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Part One - June

The summer I turned 16 began like all the others. I was excited, as every teenager in Westerville was, for the final bell of the school year, followed by 3 glorious months of freedom. June, July, and August stretched before us, waiting to be captured and filled with lazy afternoons at the neighborhood pool, watching my brothers eye the girls I shared a lunch table with, seeing which ones puberty had been kind to. Sitting next to Taylor at the piano, playing chords while he effortlessly created a melody. Cooking sloppy joes for the boys (pickles for Ike, a square of American for Zac) who would wolf them down like feral children and ask for more to fuel their growing bodies. There was never enough, but I would make as much as I possibly could, and always scoot my leftovers over to Taylor. Night time adventures followed by dozing uncomfortably in the treehouse that we still held sacred, even though Ike was back from his first year at OSU, where his friends all called him Isaac.

I was turning 16 that July. I wasn’t planning on having a party because I didn’t really have any friends close enough to invite over or go out for burgers with. I would spend my birthday this year, like every year, with my brothers.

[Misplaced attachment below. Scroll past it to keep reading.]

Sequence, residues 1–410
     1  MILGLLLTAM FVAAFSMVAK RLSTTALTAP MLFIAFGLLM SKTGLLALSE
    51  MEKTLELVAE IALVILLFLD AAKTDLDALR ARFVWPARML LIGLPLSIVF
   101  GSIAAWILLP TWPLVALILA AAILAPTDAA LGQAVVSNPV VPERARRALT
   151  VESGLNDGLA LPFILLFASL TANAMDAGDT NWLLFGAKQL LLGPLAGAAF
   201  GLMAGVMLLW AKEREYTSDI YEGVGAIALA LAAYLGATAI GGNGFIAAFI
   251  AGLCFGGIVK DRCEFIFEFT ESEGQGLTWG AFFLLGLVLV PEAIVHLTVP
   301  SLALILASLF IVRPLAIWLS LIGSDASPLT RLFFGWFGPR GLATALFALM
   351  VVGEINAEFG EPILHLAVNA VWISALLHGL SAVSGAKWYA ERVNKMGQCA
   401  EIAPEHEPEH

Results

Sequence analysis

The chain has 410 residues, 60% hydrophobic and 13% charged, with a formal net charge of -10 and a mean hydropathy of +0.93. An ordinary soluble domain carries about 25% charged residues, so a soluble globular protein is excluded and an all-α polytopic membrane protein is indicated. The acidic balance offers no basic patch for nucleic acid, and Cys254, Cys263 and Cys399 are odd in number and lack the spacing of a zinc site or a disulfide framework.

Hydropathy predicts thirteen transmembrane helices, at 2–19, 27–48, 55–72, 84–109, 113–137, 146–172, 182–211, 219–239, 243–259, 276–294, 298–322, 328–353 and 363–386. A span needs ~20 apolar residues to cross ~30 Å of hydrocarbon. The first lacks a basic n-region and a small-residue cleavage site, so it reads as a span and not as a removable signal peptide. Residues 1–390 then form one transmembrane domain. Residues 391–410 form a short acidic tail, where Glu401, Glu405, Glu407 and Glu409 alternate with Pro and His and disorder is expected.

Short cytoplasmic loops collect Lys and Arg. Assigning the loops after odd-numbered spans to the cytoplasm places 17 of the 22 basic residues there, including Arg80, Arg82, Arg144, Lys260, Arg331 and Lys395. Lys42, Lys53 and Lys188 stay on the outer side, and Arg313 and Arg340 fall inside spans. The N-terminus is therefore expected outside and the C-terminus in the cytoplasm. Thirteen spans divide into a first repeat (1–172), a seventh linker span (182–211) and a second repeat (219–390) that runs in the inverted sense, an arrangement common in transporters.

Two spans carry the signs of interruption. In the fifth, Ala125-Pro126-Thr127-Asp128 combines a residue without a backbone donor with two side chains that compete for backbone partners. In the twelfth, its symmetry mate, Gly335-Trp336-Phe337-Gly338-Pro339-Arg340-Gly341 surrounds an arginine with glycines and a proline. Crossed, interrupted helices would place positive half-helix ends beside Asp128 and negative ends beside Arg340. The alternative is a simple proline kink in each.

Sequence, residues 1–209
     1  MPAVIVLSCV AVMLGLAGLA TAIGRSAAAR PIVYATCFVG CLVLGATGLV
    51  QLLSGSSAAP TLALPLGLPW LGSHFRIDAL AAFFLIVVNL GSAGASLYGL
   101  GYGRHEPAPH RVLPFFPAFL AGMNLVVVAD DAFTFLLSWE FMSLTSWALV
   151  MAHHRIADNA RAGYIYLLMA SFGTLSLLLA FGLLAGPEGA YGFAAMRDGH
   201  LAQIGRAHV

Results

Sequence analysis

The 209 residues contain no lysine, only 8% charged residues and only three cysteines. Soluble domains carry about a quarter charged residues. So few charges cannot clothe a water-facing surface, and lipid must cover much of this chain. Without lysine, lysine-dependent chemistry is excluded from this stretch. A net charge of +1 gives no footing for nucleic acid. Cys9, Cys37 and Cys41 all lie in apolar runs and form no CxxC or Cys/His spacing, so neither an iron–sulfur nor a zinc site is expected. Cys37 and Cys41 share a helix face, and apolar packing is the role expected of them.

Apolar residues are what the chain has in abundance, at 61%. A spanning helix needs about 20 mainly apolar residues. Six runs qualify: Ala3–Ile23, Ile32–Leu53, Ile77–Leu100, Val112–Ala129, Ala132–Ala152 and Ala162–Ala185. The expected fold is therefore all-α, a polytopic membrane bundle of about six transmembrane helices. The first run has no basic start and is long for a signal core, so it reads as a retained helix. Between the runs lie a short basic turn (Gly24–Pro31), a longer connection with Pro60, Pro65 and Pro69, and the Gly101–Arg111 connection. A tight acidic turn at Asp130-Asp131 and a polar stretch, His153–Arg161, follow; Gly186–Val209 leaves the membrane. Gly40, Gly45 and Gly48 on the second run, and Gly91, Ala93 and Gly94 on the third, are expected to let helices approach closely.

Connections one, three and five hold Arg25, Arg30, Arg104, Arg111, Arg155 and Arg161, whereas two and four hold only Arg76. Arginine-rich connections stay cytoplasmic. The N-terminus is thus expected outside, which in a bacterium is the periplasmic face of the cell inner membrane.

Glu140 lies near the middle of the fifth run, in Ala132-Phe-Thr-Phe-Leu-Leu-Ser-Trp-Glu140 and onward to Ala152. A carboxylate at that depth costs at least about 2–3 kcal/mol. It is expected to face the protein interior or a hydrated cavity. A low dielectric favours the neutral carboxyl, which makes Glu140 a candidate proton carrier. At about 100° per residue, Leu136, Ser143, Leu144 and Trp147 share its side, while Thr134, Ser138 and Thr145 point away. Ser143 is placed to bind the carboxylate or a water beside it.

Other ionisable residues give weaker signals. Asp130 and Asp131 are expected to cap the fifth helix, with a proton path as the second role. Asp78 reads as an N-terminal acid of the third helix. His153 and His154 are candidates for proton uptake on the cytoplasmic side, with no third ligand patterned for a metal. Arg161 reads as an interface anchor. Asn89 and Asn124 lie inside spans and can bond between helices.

The fact of that matter was, my three brothers and I were inseparable. They were everything to me, and I was their queen. Ike was the oldest, but he had only been about two years old when I came along, so really none of us could remember a time when we were ever alone, and we didn’t want that to change any time soon. Taylor, my silent shadow from the moment he came into the world, was only 9 months my junior, the smallest gap between any of us. We had been mistaken for twins our entire life, and if someone told me we actually had shared a womb, I wouldn’t have been the least bit surprised. He was my soulmate, the knowing looks we shared our first language, English coming second. He was often accused for being emotionally unavailable or too shy, but to me he was an open book. Zac rounded out the clan 2 years later. In the summer of ‘72 I, Christine, was turning 16...but no one called me Christine, except my mother who had opened her veins in the bathtub 8 years earlier...the golden promise of summer powerless to the black cloud of sadness that haunted her relentlessly. To her, I had been Christine. To everyone else, I was Cricket.